Lifelong Learning Session on April 4 - “Stories from an Old Town”

March 31, 2014

Categories: General News

Tabor College welcomes Phyllis (Hiebert) Martens to Lifelong Learning at 9:45 a.m. on April 4 in the Wohlgemuth Music Education Center on the Tabor College campus in Hillsboro. Martens will present a session entitled “Stories from an Old Town.”

Martens, from Fresno, Calif., will share stories from her grandmother, Helena Jungas, when she lived in rural Mountain Lake, Minn., during the 1920s and 30s. Martens spent several summers there – working in the town hospital, attending a conservative Mennonite Brethren church and listening to her grandmother’s stories about old times.

From these experiences, Martens recently wrote a book entitled “Stories from an Old Town.” During the Lifelong Learning session, she will bring characters from the book to life—triggering your own memories of unique people in Midwest towns.

The folks she met there became characters in some of the stories. Martens says of the book, “Other characters are imported from other small towns, or are simply made up.”

An interesting addition, at the back of the book, is a glossary of Low German expression that she includes in the conversations of her characters—some of us remember these colorful, everyday expressions.

Martens is the oldest daughter of J.N.C. and Anna Hiebert, missionaries to India, where she grew up. The family returned to the United States during World War II and lived in Reedley, Calif. for four years. When the family returned to India, Phyllis went to Tabor College and graduated in 1950 with a degree in English and a minor in music. She then went onto attend Kansas University where she got her master’s degree in English.

In 1955, while teaching English at Pacific Bible Institute in Fresno, Calif., she met Elmer Martens, a seminary student from Canada. The two married and Elmer served as pastor of Butler Mennonite Brethren Church in Fresno. He then earned his doctorate in religion (Old Testament) from the Claremont Graduate School and returned to teach at Mennonite Brethren Biblical Seminary in Fresno. Martens continued teaching English in southern California and published four English as a Second Language (ESL) teaching games.

The couple has extensively traveled abroad on church-related missions. They have four children, the youngest being daughter Karen Bartlett, who is an admissions coordinator at Tabor College in Wichita. Her husband, Dr. Rick Bartlett, works as the director of theological education also at Tabor College in Wichita.

The public is welcome to attend all Lifelong Learning sessions and may register at the door. Fees are $4 per session or $15 per semester, or $29 per couple. Attendees may enjoy lunch in the Tabor College cafeteria after the sessions at the discounted price of $4.

For more information, contact Connie Isaac, Director of Lifelong Learning at (620)-947-5964 or conniei@tabor.edu. The semester schedule and a downloadable PDF of the brochure are available at www.tabor.edu/about/lifelong-learning.

Tabor College in Wichita launches Entrepreneurial Ministry Leadership Master of Arts degree program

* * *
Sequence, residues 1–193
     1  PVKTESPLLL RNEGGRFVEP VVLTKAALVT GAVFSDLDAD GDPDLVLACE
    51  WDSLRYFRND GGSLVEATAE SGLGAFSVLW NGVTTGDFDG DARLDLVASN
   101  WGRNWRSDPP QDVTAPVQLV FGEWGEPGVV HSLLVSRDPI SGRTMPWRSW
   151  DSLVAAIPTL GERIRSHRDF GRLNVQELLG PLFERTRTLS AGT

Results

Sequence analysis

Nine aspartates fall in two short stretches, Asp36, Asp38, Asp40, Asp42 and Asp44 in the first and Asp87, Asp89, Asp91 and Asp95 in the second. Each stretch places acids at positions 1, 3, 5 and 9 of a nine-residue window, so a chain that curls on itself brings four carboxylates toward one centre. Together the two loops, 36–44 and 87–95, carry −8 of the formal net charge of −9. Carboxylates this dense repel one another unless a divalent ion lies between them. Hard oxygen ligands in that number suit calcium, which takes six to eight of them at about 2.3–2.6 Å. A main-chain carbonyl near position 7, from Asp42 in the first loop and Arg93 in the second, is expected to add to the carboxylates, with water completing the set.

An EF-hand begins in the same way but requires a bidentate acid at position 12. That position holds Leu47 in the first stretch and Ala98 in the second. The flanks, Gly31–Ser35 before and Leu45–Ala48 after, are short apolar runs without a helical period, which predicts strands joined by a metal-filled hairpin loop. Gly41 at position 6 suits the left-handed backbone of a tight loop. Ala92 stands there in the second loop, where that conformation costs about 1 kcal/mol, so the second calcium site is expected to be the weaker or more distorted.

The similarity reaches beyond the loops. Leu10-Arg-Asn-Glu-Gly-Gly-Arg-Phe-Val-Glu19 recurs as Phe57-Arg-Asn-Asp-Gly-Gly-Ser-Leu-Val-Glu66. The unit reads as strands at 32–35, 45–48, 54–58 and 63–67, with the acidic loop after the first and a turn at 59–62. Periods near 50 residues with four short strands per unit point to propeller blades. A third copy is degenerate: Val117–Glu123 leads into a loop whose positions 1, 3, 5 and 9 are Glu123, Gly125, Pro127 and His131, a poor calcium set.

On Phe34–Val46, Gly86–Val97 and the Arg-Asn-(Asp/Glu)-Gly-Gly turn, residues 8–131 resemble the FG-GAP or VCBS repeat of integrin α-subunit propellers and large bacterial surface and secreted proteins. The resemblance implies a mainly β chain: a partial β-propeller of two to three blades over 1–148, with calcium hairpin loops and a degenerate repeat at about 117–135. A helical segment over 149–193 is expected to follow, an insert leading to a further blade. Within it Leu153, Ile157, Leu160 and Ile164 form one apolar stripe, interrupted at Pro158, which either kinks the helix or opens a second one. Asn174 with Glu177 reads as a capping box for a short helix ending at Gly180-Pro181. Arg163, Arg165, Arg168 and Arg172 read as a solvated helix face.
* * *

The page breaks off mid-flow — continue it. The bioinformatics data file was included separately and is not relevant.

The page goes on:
March 28, 2014

Categories: General News

Tabor College in Wichita is proud to announce the launch of their new Master of Arts in Entrepreneurial Ministry Leadership (EML) degree. The new program was approved as accredited on February 25 by the Higher Learning Commission.

The program is enrolling now and the first classes will be held in a one-course-at-a-time cohort format beginning this fall.

This 39 credit hour program will be offered in an innovative hybrid/online format with a learning platform designed to provide educators, administrators and students with a secure and integrated education system.

People interested in this program would include: pastors, missionaries, church-planters, visionaries, youth pastors, entrepreneurs and staff members who are preparing for new and richer areas of service. It also will serve those people who have a passion for ministry and want to be trained for the church of tomorrow.

The EML degree can be completed by most students in 21 months.

Dr. Rick Bartlett, director of theological education at Tabor College in Wichita says, “This program will combine ministry passion with practical training to help graduates minister in their local community.

“It will equip them to move a project from idea to implementation to evaluation. Students will be prepared to think creatively, read and navigate the future, and evaluate their own culture by experiencing a cross-cultural environment. This master of arts degree is definitely outside the status-quo for theological programs,” added Bartlett.

The philosophy of the program is to embed theological reflection and thinking into every course.

Students will be challenged to reflect on their own embedded theology. This degree will serve as one which will inspire, motivate and serve the basic needs of people.

“This new graduate degree is indicative of Tabor College’s commitment to innovative programming,” said Dr. Frank Johnson, vice president of academic affairs and chief academic officer for Tabor College. “It also is a novel approach to serving our many faith-based communities while staying true to our historical and theological distinctives. I am especially thankful for Dr. Bartlett’s leadership of this initiative.”

Tabor College in Wichita chose to offer this degree program for a very specific reason.

“In response to community input, we are delighted to be approved to offer this new masters degree,” said Dr. Brett Andrews, executive vice president of Tabor College in Wichita. “It is designed to equip students with critical skills in both organizational effectiveness and practical ministry. This will become the degree of choice for students seeking a globally relevant ministry experience.”